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Working from Home

 

One of the things we lose in a distance education course is a sense of "going to work." It's really easy to fall into a pattern of doing all your schoolwork in bed, wearing a bathrobe, and balancing a cup of coffee. I've done it myself. It's a poor idea.

Your emotional health

You really need a sense of separation between your work life and your home life. When we had classes three times a week and you could do your writing in the library or a computer lab, you could go back to your own room and be sort of done for the day, but when your office is your bed, you are always in your office. More to the point, if your office is your bed, you never have a sense of going TO work. Schoolwork becomes one of those annoying tasks like cleaning the bathroom or hanging up your shirts. You lose the "I am a student" identity.

Your scholastic health

During this whole Corona virus thing (beginning about March 10) I had to work from home—my Ashland office was off limits. When I'm working from home like that, I don't work from my bed—it's more likely to be an easy chair. I get settled, then realize I can't find that note I wrote. Then I get settled and need to get up again to find a book. I really don't have any place that I can write things. Stuff gets lost. It's just really annoying, and I suspect that at least an hour a day is wasted on looking for a pen, getting up to locate a book, getting up again to get a legal pad, etc. In the bed-office (or easy chair office) the days sort of blend together, and I'm not sure if this is Tuesday or Thursday. Not good for deadlines (or required Zoom meetings).

If you are like me, you would really benefit from the structure of knowing that you have tasks which must be done and a place to do them.

Your computer's health

The combination of computer plus bed plus food is a recipe for disaster. Even if you manage to avoid spilling your breakfast on your keyboard (you'll need a lot of luck for that one), computers generate a lot of heat, especially when they are dealing with videos, and nestling the thing down in the blankets is very likely to cause it to overheat. I lost a laptop that way. They are made to sit on a hard surface (like a desk) so air can circulate under as well as around.

Best Practice Advice

1. Find a place

The ideal spot is a well-lit desk of some sort with a good chair and an electric outlet for your computer. Your back and your eyes will thank you. You want a spot which is away from the crowd, a spot to which you can go and say, "Well, I'm at work now." If you can't find such a place (if you're on campus and you must cruise around for an empty table), you still need a sense of going out to work and coming back from work.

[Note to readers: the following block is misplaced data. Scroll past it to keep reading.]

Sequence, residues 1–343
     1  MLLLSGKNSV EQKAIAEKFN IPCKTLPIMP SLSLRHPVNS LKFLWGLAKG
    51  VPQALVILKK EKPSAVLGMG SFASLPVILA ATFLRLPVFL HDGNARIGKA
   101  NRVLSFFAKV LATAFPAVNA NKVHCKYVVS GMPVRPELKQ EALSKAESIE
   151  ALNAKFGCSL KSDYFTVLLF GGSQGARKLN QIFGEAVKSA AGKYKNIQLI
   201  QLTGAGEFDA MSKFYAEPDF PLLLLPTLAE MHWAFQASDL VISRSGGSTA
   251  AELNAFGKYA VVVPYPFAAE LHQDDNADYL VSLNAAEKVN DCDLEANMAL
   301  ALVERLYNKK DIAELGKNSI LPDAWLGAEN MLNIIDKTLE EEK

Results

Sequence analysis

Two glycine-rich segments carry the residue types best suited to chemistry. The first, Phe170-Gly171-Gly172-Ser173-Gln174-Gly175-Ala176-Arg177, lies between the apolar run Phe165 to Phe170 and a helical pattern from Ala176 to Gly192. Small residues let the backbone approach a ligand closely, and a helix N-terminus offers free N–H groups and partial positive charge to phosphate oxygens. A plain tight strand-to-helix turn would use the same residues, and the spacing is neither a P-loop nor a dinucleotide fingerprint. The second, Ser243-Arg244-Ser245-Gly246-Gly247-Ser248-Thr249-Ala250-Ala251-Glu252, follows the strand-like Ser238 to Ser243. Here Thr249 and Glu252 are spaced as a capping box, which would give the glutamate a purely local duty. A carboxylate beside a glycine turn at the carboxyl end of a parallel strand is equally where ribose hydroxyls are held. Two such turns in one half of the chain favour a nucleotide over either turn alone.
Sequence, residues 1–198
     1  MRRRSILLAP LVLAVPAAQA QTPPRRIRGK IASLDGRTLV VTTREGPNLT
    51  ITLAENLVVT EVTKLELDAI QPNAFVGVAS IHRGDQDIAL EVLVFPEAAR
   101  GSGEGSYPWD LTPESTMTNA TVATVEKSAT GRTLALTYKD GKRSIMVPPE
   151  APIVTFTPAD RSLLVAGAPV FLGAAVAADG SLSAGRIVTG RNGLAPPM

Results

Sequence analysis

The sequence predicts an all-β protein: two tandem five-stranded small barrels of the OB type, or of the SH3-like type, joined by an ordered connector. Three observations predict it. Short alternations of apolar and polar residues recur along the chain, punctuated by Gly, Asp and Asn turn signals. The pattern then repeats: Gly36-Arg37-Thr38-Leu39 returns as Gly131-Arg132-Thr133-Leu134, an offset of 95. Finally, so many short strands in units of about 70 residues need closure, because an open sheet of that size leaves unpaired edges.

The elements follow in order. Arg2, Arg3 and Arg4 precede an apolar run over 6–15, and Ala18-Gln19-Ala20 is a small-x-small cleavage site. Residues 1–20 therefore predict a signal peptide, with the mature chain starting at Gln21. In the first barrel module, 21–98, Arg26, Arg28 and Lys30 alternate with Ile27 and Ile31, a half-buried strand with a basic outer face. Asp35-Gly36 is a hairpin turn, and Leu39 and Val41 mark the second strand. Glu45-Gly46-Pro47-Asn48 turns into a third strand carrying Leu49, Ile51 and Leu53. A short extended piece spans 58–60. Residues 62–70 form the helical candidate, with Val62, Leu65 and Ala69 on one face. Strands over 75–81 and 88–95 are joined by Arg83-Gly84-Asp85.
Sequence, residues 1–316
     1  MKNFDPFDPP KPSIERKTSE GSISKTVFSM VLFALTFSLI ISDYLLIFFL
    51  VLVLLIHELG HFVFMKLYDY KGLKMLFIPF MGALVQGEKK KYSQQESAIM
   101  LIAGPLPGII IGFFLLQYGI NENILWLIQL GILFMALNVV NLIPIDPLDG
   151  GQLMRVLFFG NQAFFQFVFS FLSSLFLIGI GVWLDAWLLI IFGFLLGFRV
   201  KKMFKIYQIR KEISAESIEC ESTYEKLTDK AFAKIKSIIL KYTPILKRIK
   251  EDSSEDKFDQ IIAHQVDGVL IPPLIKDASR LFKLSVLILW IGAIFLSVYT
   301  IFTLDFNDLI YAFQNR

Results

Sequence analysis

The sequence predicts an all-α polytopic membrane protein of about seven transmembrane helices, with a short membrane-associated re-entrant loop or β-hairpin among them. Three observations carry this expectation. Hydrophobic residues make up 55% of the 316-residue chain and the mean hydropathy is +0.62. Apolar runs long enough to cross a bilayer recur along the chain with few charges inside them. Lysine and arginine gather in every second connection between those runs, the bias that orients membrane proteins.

2. Get organized

Your emotions tell you that a distance education course is less work than a face-to-face course, but that's wrong—a distance ed course is more work because you have to do so much for yourself and because teachers throw in little tasks just to make sure (and be able to report) that you are still participating in the class.

You will need some sort of briefcase or back-pack or something so that you spend as little time as possible searching for missing stuff (the assignment for the next paper, the handout from the last class, etc.)

You also need the organizing attitude which says (now that you are at work doing your primary task of studenting) that this is Monday, so I will do the Monday things first. And leave YouTube, Twitter, and text messages aside for a while. Which brings me to my next point…

3. Get a schedule

Loss of schedule is one of the worst things about our hybrid course. You won't see my shining face, looking at you three times a week and making you feel guilty if you aren't keeping up. It's too easy (especially for the Friday cohort) to say, "Well, I don't have to do anything for English 100 until Friday morning, so I get the rest of the week off."

Recipe for disaster.

You need a realistic daily schedule which gets you doing some of each one of your courses each day. The more detailed, the better. If your personal English 100 schedule says things like "Monday: Read America Now. Tuesday: Write the short response. Wednesday: Read grammar items and take quiz. Thursday and Friday: Work on larger essay." you will have a much easier time in the long run.

A good first step is to go back to your course schedule. The university set aside three one-hour blocks every week for our class, but we will only be using one, so you have two hours which are reserved for English 100 anyhow. Use them, perhaps to do the heavier reading, then spread the "homework" time around the rest of your week.

Remember the two-for-one rule: For every credit hour, you should plan on two hours of homework, so for English 100 you should plan on one hour per week in class and eight hours of homework.

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